Johnson & Johnson files for EU vaccine approval
US pharmaceutical powerhouse Johnson & Johnson has applied for authorisation for its coronavirus vaccine in the EU with a decision possible by the middle of March, Europe's drugs regulator said Tuesday.
The single-shot vaccine from J&J would be the fourth treatment to be approved for use across the 27-nation European Union, if it gets the green light from the Amsterdam-based European Medicines Agency (EMA.)
"The EMA has received an application for conditional marketing authorisation for a Covid-19 vaccine developed by Janssen-Cilag International," the agency announced. Janssen-Cilag is J&J's European subsidiary.
The regulator "could issue an opinion by the middle of March 2021, provided the company's data on the vaccine's efficacy, safety and quality are sufficiently comprehensive and robust."
"More safe and effective vaccines are on their way," she added.
I welcome news of Johnson & Johnson's application to @EMA_News for its #COVID19 vaccine.— Ursula von der Leyen (@vonderleyen) February 16, 2021
The @EU_Commission will be ready to grant authorisation as soon as EMA delivers a positive scientific opinion.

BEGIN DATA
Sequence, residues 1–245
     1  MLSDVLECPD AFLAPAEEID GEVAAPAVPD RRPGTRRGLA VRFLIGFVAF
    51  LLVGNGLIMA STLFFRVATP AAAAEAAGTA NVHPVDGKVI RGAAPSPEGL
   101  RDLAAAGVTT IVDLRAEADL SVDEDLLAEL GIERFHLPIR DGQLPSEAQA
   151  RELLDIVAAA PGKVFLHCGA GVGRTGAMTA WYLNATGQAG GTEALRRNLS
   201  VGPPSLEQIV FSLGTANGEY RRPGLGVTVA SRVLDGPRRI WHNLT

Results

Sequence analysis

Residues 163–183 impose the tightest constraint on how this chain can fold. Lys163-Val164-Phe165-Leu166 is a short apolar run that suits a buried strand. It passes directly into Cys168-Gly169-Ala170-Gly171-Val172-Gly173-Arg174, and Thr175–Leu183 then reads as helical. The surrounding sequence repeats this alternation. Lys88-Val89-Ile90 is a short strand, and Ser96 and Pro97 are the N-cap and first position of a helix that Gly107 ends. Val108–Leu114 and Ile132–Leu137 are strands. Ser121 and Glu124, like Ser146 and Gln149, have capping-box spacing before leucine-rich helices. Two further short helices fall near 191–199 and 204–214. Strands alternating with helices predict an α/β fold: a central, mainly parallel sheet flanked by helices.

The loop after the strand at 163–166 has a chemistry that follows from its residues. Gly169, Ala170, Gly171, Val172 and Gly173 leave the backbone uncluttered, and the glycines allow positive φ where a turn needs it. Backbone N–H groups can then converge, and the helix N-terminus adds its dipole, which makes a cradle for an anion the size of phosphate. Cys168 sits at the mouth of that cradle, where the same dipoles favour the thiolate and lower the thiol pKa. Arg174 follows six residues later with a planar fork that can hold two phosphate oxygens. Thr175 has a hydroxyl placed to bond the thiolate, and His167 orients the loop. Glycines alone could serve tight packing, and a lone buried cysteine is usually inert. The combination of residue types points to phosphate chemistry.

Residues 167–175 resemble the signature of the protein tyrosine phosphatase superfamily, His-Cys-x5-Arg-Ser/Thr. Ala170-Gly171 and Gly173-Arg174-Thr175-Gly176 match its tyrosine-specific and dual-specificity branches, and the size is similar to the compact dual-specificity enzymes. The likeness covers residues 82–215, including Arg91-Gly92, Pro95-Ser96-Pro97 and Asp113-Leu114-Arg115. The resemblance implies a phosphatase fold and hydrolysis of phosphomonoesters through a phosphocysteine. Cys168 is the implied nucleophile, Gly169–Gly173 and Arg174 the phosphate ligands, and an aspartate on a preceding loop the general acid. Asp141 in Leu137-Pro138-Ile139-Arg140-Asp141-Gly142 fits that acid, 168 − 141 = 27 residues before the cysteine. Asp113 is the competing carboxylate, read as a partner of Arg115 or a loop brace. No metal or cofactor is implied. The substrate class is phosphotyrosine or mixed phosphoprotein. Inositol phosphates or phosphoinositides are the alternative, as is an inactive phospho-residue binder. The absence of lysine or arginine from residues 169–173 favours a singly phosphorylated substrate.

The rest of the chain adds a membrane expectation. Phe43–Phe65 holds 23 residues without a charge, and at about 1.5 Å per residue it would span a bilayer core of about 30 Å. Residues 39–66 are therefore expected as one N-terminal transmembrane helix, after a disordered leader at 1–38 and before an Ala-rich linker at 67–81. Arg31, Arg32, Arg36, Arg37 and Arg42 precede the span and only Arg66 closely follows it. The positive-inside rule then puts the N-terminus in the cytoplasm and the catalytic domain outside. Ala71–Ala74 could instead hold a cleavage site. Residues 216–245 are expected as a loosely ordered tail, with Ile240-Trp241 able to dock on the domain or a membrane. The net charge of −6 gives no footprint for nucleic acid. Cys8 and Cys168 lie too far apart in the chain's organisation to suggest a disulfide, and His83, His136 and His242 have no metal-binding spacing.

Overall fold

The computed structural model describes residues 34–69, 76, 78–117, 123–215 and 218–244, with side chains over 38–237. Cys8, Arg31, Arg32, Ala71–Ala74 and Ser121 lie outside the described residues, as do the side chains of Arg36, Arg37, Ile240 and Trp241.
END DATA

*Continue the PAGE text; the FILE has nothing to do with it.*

More safe and effective vaccines are on their way. https://t.co/siCYHa393B
J&J's vaccine has been under a "rolling review" by the EMA since 1 December.
The European Commission has ordered 200 million doses of the Johnson & Johnson vaccine with an option for 200 million more. It says 100 million doses should be delivered by June if the treatment is approved.
Emergency Use Authorisation
Johnson & Johnson has asked US regulators for Emergency Use authorisation for the United States.
The vaccine offers logistical advantages because it does not require two doses, nor the deep-freeze storage necessary for some already-approved shots.
J&J announced in late January that clinical trials showed the vaccine was overall 66 percent effective and 85 percent effective in preventing severe forms of the disease.
But it did not protect as well against a highly transmissible virus variant first identified in South Africa, which is spreading rapidly around the world.
The J&J shot uses a common cold-causing adenovirus, modified so it cannot replicate, as a "vector" to shuttle genetic instructions into human cells, telling them to create a protein which is part of the coronavirus.
This trains the immune system to be ready for the live coronavirus.
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